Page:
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    Given that p is a constant such that 0 < p < 1, show that the equation

    px^2 + 2x + (1-p) = 0

    has two distinct roots


    b^2 - 4ac > 0

    2^2 - 4*p*(1-p) > 0

    4 - (-4p^2 + 4p) > 0

    4 + 4p^2 - 4p > 0

    however 4p^2 - 4p + 4 doesn't have any real roots, where did I go wrong?
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    (Original post by tammio)
    Given that p is a constant such that 0 < p < 1, show that the equation

    px^2 + 2x + (1-p) = 0

    has two distinct roots


    b^2 - 4ac > 0

    2^2 - 4*p*(1-p) > 0

    4 - (-4p^2 + 4p) > 0

    4 + 4p^2 - 4p > 0

    however 4p^2 - 4p + 4 doesn't have any real roots, where did I go wrong?
    Try completing the square with the discriminant
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    You haven't, the max value of P is 0.999.. and the smallest value is 0.0000....1, both of which when plugged into your equation result in your resulting inequality being solved hence there are 2 distinct roots, even if they are disgusting numbers.
    (Original post by tammio)
    Given that p is a constant such that 0 < p < 1, show that the equation

    px^2 + 2x + (1-p) = 0

    has two distinct roots


    b^2 - 4ac > 0

    2^2 - 4*p*(1-p) > 0

    4 - (-4p^2 + 4p) > 0

    4 + 4p^2 - 4p > 0

    however 4p^2 - 4p + 4 doesn't have any real roots, where did I go wrong?
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    do either of you do economics In really stuck on a question?
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    (Original post by Foodatastic)
    You haven't, the max value of P is 0.999.. and the smallest value is 0.0000....1, both of which when plugged into your equation result in your resulting inequality being solved hence there are 2 distinct roots, even if they are disgusting numbers.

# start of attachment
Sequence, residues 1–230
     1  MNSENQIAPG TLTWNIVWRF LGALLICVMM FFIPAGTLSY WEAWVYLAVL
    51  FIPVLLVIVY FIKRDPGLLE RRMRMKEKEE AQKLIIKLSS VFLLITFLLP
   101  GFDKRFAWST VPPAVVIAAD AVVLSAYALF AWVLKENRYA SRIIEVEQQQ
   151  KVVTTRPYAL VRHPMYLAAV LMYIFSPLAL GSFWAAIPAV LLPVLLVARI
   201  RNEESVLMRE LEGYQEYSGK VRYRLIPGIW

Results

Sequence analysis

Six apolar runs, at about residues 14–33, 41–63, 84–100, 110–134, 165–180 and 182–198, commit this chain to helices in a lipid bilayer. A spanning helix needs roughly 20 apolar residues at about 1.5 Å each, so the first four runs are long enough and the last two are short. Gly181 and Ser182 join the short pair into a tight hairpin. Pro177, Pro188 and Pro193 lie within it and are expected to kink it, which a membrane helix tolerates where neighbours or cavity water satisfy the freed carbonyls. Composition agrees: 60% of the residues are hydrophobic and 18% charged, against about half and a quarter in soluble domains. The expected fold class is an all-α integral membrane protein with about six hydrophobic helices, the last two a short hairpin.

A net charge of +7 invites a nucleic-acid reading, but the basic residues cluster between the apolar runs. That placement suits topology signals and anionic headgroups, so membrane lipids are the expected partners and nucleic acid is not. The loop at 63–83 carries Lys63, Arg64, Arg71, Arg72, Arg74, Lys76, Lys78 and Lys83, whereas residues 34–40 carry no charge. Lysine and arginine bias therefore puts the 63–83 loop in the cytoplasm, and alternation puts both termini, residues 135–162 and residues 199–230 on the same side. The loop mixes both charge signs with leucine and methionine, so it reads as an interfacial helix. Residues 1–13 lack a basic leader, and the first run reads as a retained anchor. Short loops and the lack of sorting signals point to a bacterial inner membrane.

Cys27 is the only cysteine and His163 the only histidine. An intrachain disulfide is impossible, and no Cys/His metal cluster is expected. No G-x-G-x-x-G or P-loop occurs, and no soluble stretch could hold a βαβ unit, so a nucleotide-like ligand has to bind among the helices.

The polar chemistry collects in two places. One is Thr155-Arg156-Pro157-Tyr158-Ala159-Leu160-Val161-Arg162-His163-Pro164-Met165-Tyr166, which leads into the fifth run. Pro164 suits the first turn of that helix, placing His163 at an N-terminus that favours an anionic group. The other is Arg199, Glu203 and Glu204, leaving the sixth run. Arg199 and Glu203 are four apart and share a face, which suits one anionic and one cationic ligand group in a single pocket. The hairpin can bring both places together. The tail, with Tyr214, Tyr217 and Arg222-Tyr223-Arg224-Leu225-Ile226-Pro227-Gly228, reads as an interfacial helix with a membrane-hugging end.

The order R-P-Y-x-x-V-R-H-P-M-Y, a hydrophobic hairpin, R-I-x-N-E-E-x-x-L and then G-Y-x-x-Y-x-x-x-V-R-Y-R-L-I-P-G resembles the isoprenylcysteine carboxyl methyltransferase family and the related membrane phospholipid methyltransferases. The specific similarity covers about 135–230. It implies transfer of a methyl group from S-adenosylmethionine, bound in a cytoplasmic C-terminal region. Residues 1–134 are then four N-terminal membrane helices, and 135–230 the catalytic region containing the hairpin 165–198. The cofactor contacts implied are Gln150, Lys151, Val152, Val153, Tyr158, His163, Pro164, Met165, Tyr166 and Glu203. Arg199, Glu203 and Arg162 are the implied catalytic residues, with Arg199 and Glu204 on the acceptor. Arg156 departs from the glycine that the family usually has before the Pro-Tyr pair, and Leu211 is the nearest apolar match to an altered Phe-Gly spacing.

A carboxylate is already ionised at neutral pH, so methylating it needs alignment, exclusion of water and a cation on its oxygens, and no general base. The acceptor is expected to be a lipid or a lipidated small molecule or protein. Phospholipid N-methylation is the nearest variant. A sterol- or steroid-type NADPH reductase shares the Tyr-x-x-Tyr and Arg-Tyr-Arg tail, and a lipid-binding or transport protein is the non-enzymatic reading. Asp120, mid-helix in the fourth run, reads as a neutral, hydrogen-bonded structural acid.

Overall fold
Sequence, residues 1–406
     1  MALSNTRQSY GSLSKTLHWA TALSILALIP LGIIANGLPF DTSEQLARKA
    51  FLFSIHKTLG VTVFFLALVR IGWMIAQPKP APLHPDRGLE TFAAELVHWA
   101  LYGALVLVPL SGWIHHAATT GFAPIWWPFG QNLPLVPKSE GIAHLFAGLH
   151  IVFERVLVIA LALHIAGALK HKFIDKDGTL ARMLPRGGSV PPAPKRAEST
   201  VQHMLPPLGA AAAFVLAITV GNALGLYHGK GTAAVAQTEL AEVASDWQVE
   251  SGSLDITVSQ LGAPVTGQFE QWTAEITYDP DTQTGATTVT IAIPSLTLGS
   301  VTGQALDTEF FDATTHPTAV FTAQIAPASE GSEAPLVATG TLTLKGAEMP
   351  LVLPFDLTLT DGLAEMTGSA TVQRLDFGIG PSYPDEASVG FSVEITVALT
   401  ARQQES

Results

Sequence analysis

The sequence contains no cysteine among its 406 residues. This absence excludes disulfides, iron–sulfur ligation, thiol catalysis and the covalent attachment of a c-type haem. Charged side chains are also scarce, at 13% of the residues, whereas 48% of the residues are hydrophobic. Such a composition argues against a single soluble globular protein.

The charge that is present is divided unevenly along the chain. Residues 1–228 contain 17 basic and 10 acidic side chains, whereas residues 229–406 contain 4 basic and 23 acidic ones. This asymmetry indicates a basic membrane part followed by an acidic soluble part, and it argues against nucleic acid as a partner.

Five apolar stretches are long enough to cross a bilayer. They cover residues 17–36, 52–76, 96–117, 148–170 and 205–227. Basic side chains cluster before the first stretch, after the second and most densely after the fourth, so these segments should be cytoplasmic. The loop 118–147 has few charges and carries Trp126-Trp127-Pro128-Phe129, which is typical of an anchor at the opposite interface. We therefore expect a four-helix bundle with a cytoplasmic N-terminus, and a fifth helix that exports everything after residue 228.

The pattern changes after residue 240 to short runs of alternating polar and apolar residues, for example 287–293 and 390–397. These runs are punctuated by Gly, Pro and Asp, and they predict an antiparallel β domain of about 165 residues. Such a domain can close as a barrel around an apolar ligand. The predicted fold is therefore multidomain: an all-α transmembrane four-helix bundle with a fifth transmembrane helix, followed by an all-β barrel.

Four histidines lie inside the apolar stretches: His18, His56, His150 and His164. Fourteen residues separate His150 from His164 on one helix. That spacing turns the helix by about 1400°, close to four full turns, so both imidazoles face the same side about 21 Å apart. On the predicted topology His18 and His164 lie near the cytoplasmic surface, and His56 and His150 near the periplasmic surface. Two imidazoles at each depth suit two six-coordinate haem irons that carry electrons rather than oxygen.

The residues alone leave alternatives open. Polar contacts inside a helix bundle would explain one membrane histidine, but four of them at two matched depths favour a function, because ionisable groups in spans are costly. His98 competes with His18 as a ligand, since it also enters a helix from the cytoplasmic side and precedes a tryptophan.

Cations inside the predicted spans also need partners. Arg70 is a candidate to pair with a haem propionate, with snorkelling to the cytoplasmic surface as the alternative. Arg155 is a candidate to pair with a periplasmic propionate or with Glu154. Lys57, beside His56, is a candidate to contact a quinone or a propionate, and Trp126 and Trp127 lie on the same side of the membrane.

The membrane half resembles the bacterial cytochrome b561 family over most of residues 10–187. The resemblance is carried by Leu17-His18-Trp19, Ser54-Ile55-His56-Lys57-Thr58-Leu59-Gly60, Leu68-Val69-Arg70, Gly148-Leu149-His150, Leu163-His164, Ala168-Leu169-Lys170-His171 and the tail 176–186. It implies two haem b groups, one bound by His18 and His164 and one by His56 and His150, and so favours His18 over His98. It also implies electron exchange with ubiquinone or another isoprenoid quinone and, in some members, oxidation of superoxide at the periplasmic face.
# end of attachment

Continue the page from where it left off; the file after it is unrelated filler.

I should be more clear. Your inequality states that p^2 - p + 1 > 0, any value for P will result in a positive number hence the quadratic is solvable.
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    I do economics, I can help hopefully
    (Original post by Fairy5eva)
    do either of you do economics In really stuck on a question?
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    (Original post by Foodatastic)
    You haven't, the max value of P is 0.999.. and the smallest value is 0.0000....1, both of which when plugged into your equation result in your resulting inequality being solved hence there are 2 distinct roots, even if they are disgusting numbers.
    Thanks very much
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    Name:  IMG_0098.jpg
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    (Original post by Foodatastic)
    I do economics, I can help hopefully
    Do you know how to do b and c?
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    (Original post by Fairy5eva)
    Name:  IMG_0098.jpg
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    Do you know how to do b and c?
    Not too sure, I suspect we do different exam boards but I think for part B, the answer is £100bn as the real value should be the same as the nominal as the base rate is the first year, so inflation has no effect. GDP per head is the GDP per person, £100bn / population = GDP per capita (per head/person)
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    (Original post by Foodatastic)
    Not too sure, I suspect we do different exam boards but I think for part B, the answer is £100bn as the real value should be the same as the nominal as the base rate is the first year, so inflation has no effect. GDP per head is the GDP per person, £100bn / population = GDP per capita (per head/person)
    Thank you, im on edexcel by the way, do you agree with these answers:Name:  IMG_0100.PNG
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    (Original post by Fairy5eva)
    Thank you, im on edexcel by the way, do you agree with these answers:Name:  IMG_0100.PNG
Views: 32
Size:  307.3 KB
    The method seems correct but I'm not too sure with your calculations on B, I think it may be the new year divided by base year, however I'm not too sure. Economics not my strong point haha. I'm doing OCR so I won't be of much use.
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    (Original post by Foodatastic)
    The method seems correct but I'm not too sure with your calculations on B, I think it may be the new year divided by base year, however I'm not too sure. Economics not my strong point haha. I'm doing OCR so I won't be of much use.
    Ahah okay, thanks anyway
 
 
 
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